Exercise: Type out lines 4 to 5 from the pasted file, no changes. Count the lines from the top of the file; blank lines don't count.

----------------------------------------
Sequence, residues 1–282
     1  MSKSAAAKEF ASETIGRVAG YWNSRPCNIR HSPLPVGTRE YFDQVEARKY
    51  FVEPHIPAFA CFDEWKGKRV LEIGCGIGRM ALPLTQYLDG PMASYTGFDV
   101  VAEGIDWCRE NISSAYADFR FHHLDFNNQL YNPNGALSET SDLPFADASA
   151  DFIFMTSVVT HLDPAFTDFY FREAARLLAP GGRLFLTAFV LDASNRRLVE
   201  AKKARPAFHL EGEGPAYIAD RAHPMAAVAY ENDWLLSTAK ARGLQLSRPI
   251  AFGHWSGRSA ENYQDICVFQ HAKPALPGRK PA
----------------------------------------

   101  VAEGIDWCRE NISSAYADFR FHHLDFNNQL YNPNGALSET SDLPFADASA
   151  DFIFMTSVVT HLDPAFTDFY FREAARLLAP GGRLFLTAFV LDASNRRLVE